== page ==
Tang Soo Do (Hangul: 당수도, pronounced [taŋsʰudo]) is a Korean martial art incorporating fighting principles from subak (as described in the Kwon Bup Chong Do), as well as northern Chinese kung fu. The techniques of what is commonly known as Tang Soo Do combine elements of shotokan karate, subak,taekkyon, and kung fu. Tang Soo Do and other forms of martial arts are for maintaining peace, not for fighting.
"Tang Soo Do" (당수도) is the Korean pronunciation of the Hanja 唐手道 (pronounced Táng shǒu dào in Chinese), and translates literally to "The Way of the Worthy Hand"
The same characters can be pronounced "karate-dō" in Japanese. In the early 1930s, approximately 55 years after Japan's annexation of Okinawa, Gichin Funakoshi in coordination with others changed the first character, 唐, which referred to the Chinese Tang Dynasty, to 空, signifying "empty"; both characters can be pronounced "kara" in Japanese. Funakoshi ostensibly wanted to avoid confusion with Chinese Kenpō. Funakoshi claimed Okinawan Karate could "now be considered a Japanese martial art" and found the China reference "inappropriate" and "in a sense degrading." The Chinese pronunciation of 空手道 is kōng-shǒu-dào, and the Korean is pronounced [koŋsʰudo](공수도).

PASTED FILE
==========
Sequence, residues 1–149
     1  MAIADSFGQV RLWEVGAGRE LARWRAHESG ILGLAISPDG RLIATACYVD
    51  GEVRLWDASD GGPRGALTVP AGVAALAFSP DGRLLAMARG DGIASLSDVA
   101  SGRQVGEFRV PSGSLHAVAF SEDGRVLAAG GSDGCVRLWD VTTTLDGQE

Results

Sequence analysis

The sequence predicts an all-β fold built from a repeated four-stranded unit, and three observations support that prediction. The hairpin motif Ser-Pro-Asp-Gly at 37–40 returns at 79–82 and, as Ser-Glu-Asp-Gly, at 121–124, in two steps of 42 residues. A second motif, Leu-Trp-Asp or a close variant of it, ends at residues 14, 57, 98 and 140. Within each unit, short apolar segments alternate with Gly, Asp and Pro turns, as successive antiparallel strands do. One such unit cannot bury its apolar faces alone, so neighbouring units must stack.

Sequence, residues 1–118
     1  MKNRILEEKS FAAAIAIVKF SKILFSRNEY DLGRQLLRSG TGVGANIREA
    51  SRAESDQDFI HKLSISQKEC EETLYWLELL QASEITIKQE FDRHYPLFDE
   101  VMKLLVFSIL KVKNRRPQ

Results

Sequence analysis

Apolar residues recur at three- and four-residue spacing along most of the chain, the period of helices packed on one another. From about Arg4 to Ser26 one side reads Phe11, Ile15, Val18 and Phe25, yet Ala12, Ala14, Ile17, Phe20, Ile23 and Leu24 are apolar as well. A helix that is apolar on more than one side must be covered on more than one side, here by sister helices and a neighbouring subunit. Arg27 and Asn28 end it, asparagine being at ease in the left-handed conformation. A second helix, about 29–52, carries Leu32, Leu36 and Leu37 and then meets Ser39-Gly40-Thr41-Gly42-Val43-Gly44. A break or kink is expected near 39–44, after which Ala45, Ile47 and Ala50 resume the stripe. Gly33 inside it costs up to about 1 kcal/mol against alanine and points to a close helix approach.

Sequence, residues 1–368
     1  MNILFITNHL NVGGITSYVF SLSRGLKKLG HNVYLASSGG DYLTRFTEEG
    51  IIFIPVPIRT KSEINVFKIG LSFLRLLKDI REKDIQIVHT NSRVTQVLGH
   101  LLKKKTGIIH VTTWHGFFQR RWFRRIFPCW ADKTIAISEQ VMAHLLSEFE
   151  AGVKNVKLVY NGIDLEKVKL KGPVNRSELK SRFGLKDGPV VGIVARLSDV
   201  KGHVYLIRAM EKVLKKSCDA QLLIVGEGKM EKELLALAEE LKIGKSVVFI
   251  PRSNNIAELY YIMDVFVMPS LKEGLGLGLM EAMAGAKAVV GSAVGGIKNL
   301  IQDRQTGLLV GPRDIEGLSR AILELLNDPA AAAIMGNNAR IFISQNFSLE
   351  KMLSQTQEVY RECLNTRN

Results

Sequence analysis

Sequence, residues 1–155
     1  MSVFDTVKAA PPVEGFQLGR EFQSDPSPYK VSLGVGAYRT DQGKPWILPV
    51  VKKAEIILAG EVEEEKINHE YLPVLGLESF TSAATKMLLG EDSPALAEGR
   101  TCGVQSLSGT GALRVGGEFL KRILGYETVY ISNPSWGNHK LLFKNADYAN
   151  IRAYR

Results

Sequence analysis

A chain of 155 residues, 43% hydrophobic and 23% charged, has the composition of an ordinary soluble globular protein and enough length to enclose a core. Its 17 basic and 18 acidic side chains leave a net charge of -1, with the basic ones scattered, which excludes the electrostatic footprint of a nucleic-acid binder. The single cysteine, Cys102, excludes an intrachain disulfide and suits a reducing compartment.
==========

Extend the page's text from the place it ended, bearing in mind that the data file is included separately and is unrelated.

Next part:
Outside of the Far East, the term "Tang Soo Do" has primarily become synonymous with the Korean martial art promoted by grandmaster Hwang Kee.